[Bug middleend/19988] [4.0/4.1/4.2/4.3 Regression] pessimizes fp multiplyadd/subtract combo
stevenj at alum dot mit dot edu
gccbugzilla@gcc.gnu.org
Wed Aug 1 01:01:00 GMT 2007
 Comment #11 from stevenj at alum dot mit dot edu 20070801 01:01 
Given that there seems to be no progress, or even any prospect of progress, on
Roger's "unCSE" suggestion, isn't there a simpler fix?
The basic issue here seems to be the abovementioned 20040207 patch identified
by Andrew Pinski:
Optimize A  B as A + (B), if B is easily negated.
Here we have a concrete example, which appears in real applications, of how
this can hurt performance: basically, it destroys common subexpressions if A+B
also appears in the code. Roger opined that A + (B) seems "more canonical"
and "should help" with other optimizations, but he didn't give any specific
examples where this actually helps performance. Absent such examples, isn't it
better to revert that part of the patch?
I mentioned the case of the PowerPC, where gcc previously (3.4) destroyed an
fma by pulling out C*Y via CSE in X +/ (C*Y). But gcc 4+ preserves the fmas
(saving one fp op) at the cost of an extra constant load, which hardly seems an
improvement. A better behavior would be, for architectures with fma, to honor
fma's that appear explicitly in the source code, since CSE of C*Y will never
yield an improvement for X +/ C*Y on those architectures (see above).
However, even without that fix, the old behavior of leaving X  C*Y asis seems
preferable. [Even if somehow an extra load is better than an extra multiply on
fma architectures(?), marginally improving gcc for PowerPC etc. at the expense
of x86 seems a poor tradeoff.]
The following patch (to gcc4.2.1) fixes the problem for me (it removes the
extra constant load and the extra multiplication from the example code I
posted), by just disabling the A  B > A + (B) transformation for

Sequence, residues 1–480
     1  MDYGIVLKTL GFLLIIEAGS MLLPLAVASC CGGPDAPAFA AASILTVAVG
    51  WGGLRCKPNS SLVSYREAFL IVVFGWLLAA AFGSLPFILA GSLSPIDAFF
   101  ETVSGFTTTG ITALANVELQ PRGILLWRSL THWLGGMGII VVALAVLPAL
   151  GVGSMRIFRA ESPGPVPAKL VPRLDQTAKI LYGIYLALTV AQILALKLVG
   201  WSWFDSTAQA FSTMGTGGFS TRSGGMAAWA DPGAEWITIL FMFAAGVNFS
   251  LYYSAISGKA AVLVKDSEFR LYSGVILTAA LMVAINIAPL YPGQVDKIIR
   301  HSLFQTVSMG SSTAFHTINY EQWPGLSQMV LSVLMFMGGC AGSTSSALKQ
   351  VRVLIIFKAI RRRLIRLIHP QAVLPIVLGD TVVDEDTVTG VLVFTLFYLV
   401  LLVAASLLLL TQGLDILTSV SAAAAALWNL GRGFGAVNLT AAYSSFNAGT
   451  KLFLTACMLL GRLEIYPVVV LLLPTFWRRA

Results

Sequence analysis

floatingpoint expressions, and hence reverting to the gcc3.4 behavior in that
case.
+++ foldconst.c 20070731 20:50:29.512587550 0400
@@ 9038,11 +9038,8 @@
/* A  B > A + (B) if B is easily negatable. */
if (negate_expr_p (arg1)
 && ((FLOAT_TYPE_P (type)
 /* Avoid this transformation if B is a positive REAL_CST. */
 && (TREE_CODE (arg1) != REAL_CST
  REAL_VALUE_NEGATIVE (TREE_REAL_CST (arg1))))
  (INTEGRAL_TYPE_P (type) && flag_wrapv && !flag_trapv)))
+ /* !FLOAT_TYPE_P (type) might increase # of fp constants */
+ && (INTEGRAL_TYPE_P (type) && flag_wrapv && !flag_trapv))
return fold_build2 (PLUS_EXPR, type,
fold_convert (type, arg0),
fold_convert (type, negate_expr (arg1)));
Better yet, disable it for the integer case too (deleting the transformation
entirely), since this transformation can still destroy common subexpressions
even when you have direct constants:
+++ foldconst.c 20070731 20:57:35.339929690 0400
@@ 9036,17 +9036,6 @@
&& operand_equal_p (arg0, arg1, 0))
return fold_convert (type, integer_zero_node);
 /* A  B > A + (B) if B is easily negatable. */
 if (negate_expr_p (arg1)
 && ((FLOAT_TYPE_P (type)
 /* Avoid this transformation if B is a positive REAL_CST. */
 && (TREE_CODE (arg1) != REAL_CST
  REAL_VALUE_NEGATIVE (TREE_REAL_CST (arg1))))
  (INTEGRAL_TYPE_P (type) && flag_wrapv && !flag_trapv)))
 return fold_build2 (PLUS_EXPR, type,
 fold_convert (type, arg0),
 fold_convert (type, negate_expr (arg1)));

/* Try folding difference of addresses. */
{
HOST_WIDE_INT diff;
What is the downside?

http://gcc.gnu.org/bugzilla/show_bug.cgi?id=19988
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